For some time now it has been a mandatory requirement to carry out a portable appliance test (PAT) in shared properties. The current legislation states that whilst some shared houses do not require a HMO license they still require a PAT test.

Most importantly, the trigger for when a property does require a portable appliance test is when there are three or more unrelated people sharing. Unfortunately many landlords do not realise this and risk the chance of being prosecuted should they be found out.

For electrical safety there is a divide between fixed installations and portable appliances. Examples of fixed installations include:

  • Switches
  • Sockets
  • Light fittings
  • Wiring circuits
  • Circuit boards

While some appliances which can be plugged in, and are often portable, include:

  • Kettles
  • Toasters
  • Microwaves
  • Fridges and freezers
  • Electric cookers
  • Television
  • Broadband routers

There are some grey areas around what constitutes a portable appliance. For the avoidance of doubt here at Capitum we take the view that all appliances (portable of fixed) should have a portable appliance test. The cost for adding extra appliances into the PAT pest is neglible and allows the landlord the comfort of knowing that all is well.

As far as rental accommodation is concerned, the responsibility of installation and upkeep of appliances is in the hands of the landlord. Landlords are expected to guarantee the appliances are safe from the start of the tenancy and remain in good working order. Throughout the tenancy all appliances are required to be free of risk of injury to tenants. According to the Housing Health and Safety Rating System (HHSRS), local authorities are allowed to take action. They can force safety of electrical appliances in any residential accommodation should they see it fit.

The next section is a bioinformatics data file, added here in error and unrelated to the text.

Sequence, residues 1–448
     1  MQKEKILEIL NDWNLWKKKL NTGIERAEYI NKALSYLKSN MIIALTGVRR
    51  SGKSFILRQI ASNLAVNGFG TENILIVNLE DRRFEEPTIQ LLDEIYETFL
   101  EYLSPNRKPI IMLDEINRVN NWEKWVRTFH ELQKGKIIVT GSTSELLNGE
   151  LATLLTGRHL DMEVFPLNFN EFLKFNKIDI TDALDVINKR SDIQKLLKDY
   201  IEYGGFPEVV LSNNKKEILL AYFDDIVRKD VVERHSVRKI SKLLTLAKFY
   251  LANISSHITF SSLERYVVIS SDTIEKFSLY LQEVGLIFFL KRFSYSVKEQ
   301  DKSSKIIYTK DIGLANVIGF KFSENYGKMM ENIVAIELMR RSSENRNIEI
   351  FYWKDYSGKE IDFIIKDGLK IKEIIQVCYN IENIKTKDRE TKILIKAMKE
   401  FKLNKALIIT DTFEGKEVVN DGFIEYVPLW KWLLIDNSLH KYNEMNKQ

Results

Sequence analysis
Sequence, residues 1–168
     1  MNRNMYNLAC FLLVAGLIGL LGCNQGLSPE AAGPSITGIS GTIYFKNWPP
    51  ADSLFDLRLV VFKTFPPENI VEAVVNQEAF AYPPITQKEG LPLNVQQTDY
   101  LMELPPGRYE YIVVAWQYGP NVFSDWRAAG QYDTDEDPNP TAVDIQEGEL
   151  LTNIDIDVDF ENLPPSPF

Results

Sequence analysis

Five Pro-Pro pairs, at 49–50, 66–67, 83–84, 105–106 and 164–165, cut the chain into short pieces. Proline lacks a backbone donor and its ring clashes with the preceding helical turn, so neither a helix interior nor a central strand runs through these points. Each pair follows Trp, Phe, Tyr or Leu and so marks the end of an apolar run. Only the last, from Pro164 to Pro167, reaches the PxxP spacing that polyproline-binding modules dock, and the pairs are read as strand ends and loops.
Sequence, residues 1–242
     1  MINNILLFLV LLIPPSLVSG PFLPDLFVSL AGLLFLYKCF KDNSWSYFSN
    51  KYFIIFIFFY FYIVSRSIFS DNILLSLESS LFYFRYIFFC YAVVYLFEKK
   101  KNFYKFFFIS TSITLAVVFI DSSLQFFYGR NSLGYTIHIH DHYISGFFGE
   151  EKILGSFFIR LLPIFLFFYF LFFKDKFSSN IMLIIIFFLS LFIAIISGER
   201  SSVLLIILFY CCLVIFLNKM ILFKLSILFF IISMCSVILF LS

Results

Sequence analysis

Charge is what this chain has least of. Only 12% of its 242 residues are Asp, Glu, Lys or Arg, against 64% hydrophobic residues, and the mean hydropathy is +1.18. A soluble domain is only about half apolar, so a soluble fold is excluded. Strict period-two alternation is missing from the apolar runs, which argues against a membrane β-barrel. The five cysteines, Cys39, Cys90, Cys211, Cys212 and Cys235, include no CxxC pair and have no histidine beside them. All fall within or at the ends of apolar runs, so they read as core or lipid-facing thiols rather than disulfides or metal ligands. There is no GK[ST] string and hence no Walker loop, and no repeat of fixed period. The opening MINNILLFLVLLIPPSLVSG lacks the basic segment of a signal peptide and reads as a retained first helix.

How to avoid Local Authorities knocking on your door

If you don’t want to have to face questions from local authorities over the safety of portable appliances, there is an easy way around it. Have appliances checked once a year and obtain a PAT test certificate to validate this.

Portable Appliance Testing (PAT) costs

PAT tests can easily be carried out to avoid any issues regarding appliance safety. PAT testing is not particularly expensive. You can expect to pay between £30 – £45 for one. This will typically cover testing of up to twenty appliances. Once you have a PAT test certificate you are covered if something does go wrong at a later date.

It is recommended to carry out a PAT test once a year of each time a tenancy finishes.

How do I get a PAT test?

You can quickly find companies who carry out PAT tests online or in the Yellow Pages. Additionally, there is an online directory with more information you can read here.

For information on any of the above or advice on anything relating to letting shared houses please feel free to call us on 0115 740 1800. Alternatively you can email us at